Since then, on nights when she wasn’t working, she lounged at Triumph’s Pub and watched the night deepen into a relaxing atmosphere of couples playing darts, drinking their third Guinness, laughing with their arms linked around each other’s backs. When the couples left toward midnight, Becky would order a heavy rum drink she called a zombie and let her mind dissolve into foam. Dizzy with grief and unexpressed longing, she would kiss the stuffed head of a smiling moose before falling asleep on the black leather couch until Zero, the bartender, woke her up at 2 a.m. when he closed.

“Need a ride tonight?” Zero would ask.

“No, I’ll call home,” she’d say.

In the dark amber hall with its dense wood-paneled walls and mirrored plaques emblazoned with the names of imported beers, Becky would drop a quarter and a dime into the pay phone and dial Bob Stone’s number.

On her second day back from Harvard, Becky had waltzed across the campus of her old high school and had stepped into Mr. Stone’s third period calculus class and cried. Disconcerted, Mr. Stone took her aside and drew a horizontal line with arrows in both directions. He placed a dot above the line and said, “Sorrow knows no infinity.” When that did not comfort her, he said he would think of something that would.

Weeks later, after dinner with Mr. Stone and his wife at their cozy restored Victorian, he invited Becky to move into the room behind the garage which he had used as an office once, then later converted into a bedroom for his teenage daughter, Sarah, who was attending U.C. Berkeley on a volley ball scholarship. Unaware of any complications, Becky unloaded her trunks and filled the dressers with her T-shirts and jeans, believing in the peacefulness of new beginnings. Only Lucy, who missed the routine of motherhood, would nag Becky about little things: eating the last piece of bread, misplacing the measuring cup for the laundry detergent, reading Shakespeare out loud. After a while, Becky tired of the accusations. She spent very little time with the Stones, perhaps one evening a month in front of the big screen TV with a movie she had rented and microwave popcorn she had bought at Food 4 Less.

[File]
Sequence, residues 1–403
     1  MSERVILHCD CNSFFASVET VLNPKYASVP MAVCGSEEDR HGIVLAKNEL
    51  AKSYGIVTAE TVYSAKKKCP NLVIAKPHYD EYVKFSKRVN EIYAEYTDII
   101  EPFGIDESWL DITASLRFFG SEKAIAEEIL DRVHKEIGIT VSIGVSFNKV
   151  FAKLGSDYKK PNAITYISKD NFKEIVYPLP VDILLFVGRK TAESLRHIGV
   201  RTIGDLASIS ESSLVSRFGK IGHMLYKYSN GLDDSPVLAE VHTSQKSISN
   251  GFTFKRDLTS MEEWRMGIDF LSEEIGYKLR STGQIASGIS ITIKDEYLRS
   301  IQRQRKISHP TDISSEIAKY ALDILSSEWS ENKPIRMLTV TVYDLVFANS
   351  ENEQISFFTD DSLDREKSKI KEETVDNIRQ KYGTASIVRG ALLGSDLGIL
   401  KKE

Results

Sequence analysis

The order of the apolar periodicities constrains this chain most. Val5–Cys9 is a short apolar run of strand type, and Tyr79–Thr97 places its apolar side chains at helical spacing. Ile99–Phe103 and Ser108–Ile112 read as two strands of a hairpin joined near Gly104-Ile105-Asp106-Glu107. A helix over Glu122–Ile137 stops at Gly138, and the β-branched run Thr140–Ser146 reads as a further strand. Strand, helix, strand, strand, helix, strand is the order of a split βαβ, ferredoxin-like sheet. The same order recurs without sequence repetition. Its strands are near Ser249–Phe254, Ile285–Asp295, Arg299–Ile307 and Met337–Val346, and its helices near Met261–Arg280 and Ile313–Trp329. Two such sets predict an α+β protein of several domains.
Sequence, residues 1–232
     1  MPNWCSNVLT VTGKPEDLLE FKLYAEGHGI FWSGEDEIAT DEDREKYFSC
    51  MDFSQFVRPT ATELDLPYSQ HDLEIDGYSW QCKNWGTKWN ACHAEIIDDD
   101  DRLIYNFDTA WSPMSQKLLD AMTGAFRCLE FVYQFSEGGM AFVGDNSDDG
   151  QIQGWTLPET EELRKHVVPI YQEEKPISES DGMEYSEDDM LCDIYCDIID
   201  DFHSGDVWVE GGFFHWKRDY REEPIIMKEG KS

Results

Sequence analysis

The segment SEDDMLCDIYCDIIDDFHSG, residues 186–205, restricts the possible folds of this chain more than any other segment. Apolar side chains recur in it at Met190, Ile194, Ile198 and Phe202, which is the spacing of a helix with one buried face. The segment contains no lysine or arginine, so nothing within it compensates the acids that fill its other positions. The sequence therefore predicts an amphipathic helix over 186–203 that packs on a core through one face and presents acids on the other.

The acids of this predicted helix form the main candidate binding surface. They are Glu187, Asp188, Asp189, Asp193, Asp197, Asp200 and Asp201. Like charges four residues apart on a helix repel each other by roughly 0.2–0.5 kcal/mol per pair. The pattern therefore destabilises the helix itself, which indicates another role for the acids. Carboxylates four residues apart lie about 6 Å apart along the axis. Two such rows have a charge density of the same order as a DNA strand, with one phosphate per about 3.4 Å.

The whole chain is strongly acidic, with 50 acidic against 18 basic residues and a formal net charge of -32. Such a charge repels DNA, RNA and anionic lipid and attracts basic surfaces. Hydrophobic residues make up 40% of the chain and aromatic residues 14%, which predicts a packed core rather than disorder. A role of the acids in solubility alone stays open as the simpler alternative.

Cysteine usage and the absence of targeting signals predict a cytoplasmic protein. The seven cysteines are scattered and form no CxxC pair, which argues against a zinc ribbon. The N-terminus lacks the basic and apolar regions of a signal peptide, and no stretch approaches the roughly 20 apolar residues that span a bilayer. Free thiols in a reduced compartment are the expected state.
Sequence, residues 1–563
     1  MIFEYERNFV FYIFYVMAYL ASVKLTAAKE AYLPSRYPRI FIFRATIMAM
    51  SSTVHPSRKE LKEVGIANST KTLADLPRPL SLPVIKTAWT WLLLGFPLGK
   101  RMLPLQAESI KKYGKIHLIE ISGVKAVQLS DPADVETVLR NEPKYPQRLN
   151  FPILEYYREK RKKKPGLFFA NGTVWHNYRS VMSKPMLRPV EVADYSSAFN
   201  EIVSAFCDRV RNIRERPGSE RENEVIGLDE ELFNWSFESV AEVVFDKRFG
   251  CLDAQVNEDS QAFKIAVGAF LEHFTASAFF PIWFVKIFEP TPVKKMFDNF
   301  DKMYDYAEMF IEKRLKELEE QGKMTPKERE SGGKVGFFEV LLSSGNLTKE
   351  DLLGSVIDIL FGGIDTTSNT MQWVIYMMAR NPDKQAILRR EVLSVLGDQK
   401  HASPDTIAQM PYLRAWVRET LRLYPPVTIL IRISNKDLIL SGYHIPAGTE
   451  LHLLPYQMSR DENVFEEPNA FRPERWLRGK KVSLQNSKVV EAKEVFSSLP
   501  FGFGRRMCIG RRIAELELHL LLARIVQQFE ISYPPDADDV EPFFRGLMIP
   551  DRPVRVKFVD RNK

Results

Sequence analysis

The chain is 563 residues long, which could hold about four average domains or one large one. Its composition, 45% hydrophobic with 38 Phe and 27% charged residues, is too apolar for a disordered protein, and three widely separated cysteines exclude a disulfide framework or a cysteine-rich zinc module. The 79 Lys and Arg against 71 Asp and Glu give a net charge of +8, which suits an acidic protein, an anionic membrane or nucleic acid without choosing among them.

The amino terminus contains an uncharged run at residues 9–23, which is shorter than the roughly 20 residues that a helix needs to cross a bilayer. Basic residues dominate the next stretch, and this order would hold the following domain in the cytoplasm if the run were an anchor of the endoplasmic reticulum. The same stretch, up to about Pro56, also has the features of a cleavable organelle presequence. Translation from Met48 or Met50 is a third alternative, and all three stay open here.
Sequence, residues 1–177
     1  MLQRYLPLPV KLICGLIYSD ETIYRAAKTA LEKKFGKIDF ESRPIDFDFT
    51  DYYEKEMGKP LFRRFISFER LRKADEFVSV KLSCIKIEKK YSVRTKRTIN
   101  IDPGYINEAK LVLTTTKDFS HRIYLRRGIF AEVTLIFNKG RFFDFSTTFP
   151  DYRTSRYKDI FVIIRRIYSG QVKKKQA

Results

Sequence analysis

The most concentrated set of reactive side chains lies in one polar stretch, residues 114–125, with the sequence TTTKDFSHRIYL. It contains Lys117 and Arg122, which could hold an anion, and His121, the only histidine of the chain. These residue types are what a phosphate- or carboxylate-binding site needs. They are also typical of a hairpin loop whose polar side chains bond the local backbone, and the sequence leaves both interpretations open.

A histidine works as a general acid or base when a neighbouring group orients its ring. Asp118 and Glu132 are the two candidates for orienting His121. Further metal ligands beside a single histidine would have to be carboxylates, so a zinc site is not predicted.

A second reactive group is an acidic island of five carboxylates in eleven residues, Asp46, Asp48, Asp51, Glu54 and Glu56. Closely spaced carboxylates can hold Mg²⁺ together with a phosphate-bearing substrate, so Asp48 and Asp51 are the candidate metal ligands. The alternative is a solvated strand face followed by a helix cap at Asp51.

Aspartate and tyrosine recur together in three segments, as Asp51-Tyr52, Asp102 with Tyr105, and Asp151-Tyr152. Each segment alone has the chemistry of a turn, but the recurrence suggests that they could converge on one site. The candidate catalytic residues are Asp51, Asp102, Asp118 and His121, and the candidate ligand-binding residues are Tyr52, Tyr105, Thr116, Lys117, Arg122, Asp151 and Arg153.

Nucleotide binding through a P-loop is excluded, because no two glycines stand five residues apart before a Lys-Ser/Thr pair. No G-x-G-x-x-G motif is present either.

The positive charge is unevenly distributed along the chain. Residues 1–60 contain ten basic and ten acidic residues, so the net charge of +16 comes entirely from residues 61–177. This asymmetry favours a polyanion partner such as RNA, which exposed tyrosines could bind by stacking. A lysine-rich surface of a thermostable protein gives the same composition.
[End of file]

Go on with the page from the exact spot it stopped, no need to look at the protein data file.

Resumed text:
When Becky called for a ride home, it was Lucy who often answered in her sultry after hour’s voice. Since Sarah had left for college, Lucy took sedatives and mood-regulators for a peculiar disorder that quavered through her body in tiny ripples, causing her to overreact to anything that might break her fragile routine. Becky, who was too drunk for a fight, would hang up the phone.

“I’ll drive you,” Zero always said. Becky shook her head, refusing his kindness. In the winter, Zero would stand under the awning with Becky, holding an umbrella over her shiny brown hair until she was safe in the cab. Neither one spoke. Sometimes, while they were waiting, Zero would drape his coat over Becky’s shoulders and press her close until she stopped shaking. In spite of a dark bulk that intimidated strangers, there was a tenderness about him that radiated like warmth from his hands.


When educational dreams fail, it is difficult not to fall into despair. But life is full of switchback turns and detours and unmarked roads. If we surrender to faith and believe in the beauty of the unexpected, we can learn to transcend our disappointment and embrace the opportunity to live the life we have been given, whether it has been chosen or not.

Sometimes we are blessed with guides who appear at just the right time to help us maneuver around the potholes in the road, but most of the time the people we need have always been there, visible and neglected from familiarity or pain. It is only when we reach a moment of awareness that things become new again and life breaks open with hope.

To read the rest of “Cut Above the Rest,” purchase an electronic or paperback version from any online retailer or directly from .